While Paul Krugman has been warning that a second round of quantitative easing is unlikely to achieve its goal of raising inflation expectations, Cato’s Mark Calabria has a bizarre post in which he warns that QE2 might work:
The real impact, and the greatest risk, of QEII is that it changes expectations of inflation. It seems pretty clear that the Fed wants higher inflation than we have now. QEII sends the signal that the Fed will do everything possible to create that additional inflation. QEII also runs the real risk that the Fed ends up “monetizing the debt” – both reducing the political pressure to address our fiscal imbalances as well as undermining the dollar.
This is totally bizarre. The Fed’s target is to maintain an inflation rate of around 2 percent. For a while now, the inflation rate has been below 2 percent. One of the goals of monetary policy should be to raise the inflation rate to bring outcomes back in line with the targets. Was inflation ruinously high when Bill Clinton was President? Was it ruinously high when Ronald Reagan was President? And why shouldn’t the dollar fall when we’re importing so much more than we’re exporting?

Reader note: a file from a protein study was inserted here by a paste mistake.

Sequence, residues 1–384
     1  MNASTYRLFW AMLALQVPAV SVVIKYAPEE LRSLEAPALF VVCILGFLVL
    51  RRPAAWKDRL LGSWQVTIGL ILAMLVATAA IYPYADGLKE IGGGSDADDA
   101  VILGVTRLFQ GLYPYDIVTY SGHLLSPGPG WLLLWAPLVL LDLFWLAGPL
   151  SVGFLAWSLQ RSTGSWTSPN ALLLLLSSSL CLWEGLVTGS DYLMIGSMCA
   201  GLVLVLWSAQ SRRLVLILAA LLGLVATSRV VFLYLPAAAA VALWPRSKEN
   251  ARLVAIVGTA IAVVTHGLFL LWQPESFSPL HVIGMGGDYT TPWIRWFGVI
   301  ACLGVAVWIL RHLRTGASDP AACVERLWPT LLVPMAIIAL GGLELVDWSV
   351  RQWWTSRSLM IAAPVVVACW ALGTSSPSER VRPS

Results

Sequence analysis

Getting this stuff right is the key to restoring growth. With inflation expectations back at a healthy level, real interest rates will be more in line with where they ought to be. Firms and individuals will be encouraged to stop hoarding cash (or treasuries) and instead to invest in the real economy. Consumers will buy fewer foreign-made products and our products will be more appealing to foreigners. What’s the problem?